Dr Bianca Fileborn- Starting a Conversation about the Elephant in the Concert Room

By Kate King

 

CW: This article discusses sexual assault and sexual harassment.

 Photo by  Aranxa Esteve  on  Unsplash

Photo by Aranxa Esteve on Unsplash

 

Dr. Bianca Fileborn may seem an unlikely person to be tackling heavy topics such as sexual violence, quiet and well kept, she is doing important work to ensure the safety of music lovers. Her research in sexual violence and assault in music venues and music festivals has created a spotlight on the importance of these issues. We sat down with Dr. Fileborn in her Sydney office, and took a closer look at the research she has undertaken.

 

“My research on sexual violence in licensed venues was based on my own experiences basically… going out as a young person in my undergraduate days and I had a period of about six months where every single time I went out something happened”. Like many young people nowadays, they go out to gigs, festivals and other concerts. Often someone may have experienced sexual violence in some way or another, whether they realise it themselves or not.

 

“At the time that this was happening to me the lockout laws were being introduced and there was this huge attention to men’s physical violence when they go out… I was like ‘well that’s not an issue for me when I go out, this is a problem and no one’s talking about it’ so I was like I’m gonna do something about this, so that’s kind of what got me into that general area.”

 

Dr. Fileborn has her PhD in criminology, writing her thesis on sexual violence in licensed venues on Melbourne. She also worked at the Australian Centre for the Study of Sexual Assault where she looked at many aspects of sexual violence and decided to do her research on Sexual Assault.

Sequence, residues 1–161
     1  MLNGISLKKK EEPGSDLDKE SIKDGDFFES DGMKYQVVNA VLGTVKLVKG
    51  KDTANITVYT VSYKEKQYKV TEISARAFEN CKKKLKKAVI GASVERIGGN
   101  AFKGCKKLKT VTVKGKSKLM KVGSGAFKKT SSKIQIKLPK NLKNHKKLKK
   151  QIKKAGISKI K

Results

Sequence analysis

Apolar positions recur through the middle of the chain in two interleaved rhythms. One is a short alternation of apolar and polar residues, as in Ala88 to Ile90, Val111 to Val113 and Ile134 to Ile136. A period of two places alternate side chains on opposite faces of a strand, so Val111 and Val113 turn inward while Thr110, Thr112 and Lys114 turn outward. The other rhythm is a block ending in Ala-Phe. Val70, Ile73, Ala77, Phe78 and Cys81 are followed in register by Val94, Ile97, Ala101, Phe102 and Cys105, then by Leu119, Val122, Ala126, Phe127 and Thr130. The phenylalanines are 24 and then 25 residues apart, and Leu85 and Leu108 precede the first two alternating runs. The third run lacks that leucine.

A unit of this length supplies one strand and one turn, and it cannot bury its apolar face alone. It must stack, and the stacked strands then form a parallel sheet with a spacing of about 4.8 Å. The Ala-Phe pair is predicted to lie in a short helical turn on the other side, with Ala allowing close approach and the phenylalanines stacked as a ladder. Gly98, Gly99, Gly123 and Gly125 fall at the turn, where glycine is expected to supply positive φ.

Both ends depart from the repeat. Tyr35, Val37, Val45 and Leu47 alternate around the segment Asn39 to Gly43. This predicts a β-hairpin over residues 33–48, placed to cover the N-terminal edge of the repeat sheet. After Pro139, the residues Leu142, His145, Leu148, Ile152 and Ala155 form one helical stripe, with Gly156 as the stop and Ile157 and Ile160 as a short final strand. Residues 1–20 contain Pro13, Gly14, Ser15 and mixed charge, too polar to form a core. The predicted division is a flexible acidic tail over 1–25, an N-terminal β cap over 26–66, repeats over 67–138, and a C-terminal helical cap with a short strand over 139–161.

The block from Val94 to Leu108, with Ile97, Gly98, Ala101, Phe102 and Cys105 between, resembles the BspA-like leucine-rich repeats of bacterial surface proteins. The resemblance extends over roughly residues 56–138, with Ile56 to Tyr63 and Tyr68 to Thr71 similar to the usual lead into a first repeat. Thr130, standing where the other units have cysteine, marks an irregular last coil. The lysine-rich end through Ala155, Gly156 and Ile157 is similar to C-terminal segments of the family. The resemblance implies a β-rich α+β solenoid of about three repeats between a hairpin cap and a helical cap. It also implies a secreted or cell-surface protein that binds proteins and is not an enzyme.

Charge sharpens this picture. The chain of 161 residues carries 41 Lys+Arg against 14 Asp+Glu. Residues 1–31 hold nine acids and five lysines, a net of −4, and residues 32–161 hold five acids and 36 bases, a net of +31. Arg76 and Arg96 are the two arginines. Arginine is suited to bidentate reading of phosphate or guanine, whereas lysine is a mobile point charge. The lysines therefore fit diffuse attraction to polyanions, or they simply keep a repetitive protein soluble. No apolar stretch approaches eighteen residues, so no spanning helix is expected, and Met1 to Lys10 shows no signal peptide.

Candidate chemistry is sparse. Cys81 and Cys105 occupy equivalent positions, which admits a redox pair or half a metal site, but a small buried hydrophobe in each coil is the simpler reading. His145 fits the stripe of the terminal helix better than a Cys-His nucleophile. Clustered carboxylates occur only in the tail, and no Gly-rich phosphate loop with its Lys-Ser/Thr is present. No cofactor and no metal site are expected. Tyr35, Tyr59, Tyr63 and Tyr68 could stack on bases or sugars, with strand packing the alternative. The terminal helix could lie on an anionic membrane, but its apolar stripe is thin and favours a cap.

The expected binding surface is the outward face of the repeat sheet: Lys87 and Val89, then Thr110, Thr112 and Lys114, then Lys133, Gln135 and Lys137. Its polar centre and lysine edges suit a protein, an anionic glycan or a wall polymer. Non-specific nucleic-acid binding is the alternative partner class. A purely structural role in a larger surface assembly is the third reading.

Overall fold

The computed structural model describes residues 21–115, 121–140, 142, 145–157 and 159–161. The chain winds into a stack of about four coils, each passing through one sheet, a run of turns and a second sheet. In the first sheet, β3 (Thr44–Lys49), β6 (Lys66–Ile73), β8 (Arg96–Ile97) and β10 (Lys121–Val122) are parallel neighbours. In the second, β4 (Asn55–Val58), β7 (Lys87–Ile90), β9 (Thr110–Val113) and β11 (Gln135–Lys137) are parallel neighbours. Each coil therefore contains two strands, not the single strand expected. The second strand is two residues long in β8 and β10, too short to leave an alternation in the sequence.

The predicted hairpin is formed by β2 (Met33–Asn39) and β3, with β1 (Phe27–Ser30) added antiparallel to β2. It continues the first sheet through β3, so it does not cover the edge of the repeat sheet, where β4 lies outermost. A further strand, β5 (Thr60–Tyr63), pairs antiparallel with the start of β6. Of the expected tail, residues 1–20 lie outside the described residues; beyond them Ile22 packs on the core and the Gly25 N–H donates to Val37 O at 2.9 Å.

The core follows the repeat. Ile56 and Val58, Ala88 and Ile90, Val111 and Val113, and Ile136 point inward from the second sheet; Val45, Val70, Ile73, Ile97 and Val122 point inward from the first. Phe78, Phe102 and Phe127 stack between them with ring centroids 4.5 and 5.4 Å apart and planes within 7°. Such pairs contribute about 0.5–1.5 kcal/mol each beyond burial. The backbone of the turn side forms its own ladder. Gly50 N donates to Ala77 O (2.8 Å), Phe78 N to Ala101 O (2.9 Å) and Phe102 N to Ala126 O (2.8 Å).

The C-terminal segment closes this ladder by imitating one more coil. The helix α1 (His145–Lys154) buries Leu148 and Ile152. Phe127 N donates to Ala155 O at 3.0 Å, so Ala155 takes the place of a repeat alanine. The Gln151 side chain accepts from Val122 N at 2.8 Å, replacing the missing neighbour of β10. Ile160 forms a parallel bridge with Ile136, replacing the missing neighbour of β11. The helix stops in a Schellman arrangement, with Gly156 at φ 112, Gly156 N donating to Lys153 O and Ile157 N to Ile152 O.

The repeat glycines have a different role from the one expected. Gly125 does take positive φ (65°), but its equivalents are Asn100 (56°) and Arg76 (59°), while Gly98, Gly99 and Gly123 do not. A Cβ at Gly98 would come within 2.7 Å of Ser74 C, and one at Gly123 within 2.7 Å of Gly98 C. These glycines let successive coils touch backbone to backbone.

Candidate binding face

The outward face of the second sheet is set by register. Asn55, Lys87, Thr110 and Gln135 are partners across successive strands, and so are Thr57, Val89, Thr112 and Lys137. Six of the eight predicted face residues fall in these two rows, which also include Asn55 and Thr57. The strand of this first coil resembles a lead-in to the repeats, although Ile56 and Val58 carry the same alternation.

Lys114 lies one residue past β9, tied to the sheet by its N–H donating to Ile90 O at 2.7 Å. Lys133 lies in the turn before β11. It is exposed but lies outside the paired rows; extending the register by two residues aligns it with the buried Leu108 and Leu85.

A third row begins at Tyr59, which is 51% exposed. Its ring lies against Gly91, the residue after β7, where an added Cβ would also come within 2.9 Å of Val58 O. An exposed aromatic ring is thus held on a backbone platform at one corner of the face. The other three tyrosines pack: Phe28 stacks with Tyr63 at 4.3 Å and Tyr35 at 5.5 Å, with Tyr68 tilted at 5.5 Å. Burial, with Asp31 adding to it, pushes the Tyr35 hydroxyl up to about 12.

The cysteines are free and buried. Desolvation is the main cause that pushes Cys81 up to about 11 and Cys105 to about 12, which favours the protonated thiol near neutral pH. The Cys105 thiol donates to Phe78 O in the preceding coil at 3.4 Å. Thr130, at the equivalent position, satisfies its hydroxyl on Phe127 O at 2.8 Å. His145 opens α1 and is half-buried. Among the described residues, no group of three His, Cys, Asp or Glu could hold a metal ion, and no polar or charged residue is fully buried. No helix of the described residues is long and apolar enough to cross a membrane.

“The stuff that we’re doing now around music festivals was definitely sparked by last year’s round of festivals, where there were four or five assaults at Marion Bay Falls Festival, and Rainbow Serpent had a few high-profile cases as well that were in the media.” While music festivals have always been a common place for people to come, and enjoy live acts and artists, unfortunately they have also become a space in which people take advantage of people.

 

In Dr. Fileborn’s book Reclaiming The Night Time Economy, she had outlined how certain settings and social circumstances are key to understanding why sexual assault occurs. “It’s about saying that the particular social or cultural contexts that you’re in can play a role in how sexual violence unfolds. That’s not to say that setting causes sexual violence, because we know that sexual violence happens everywhere and its related to much broader power structures and qualities.

 

“It is about saying that perpetrators can use the norms of spaces to engage in offending behaviour. With somewhere like a licensed venue, and a music festival as well for that matter, something like the fact that people are drinking alcohol and taking drugs, that’s something that can be taken advantage of.

 

“Whether it’s buying someone a lot of drinks so that they’re incapacitated, maybe it’s hanging out at a bar and waiting for someone to have too much to drink and then targeting them, they can be used to excuse behaviour like ‘I didn’t know what I was doing I was really pissed, I didn’t mean it’.”

 

This research into licensed venues has also spread across to the LGBT community. Included in her work, Dr. Fileborn has researched into sexual assault within these communities and how it affects them. “I’ve always been inclusive of LGBT communities in my research on sexual violence because it’s again, such an under researched issue. Usually when we talk about sexual violence people have a mainstream understanding that it’s something that heterosexual cisgender men do to heterosexual cisgender women.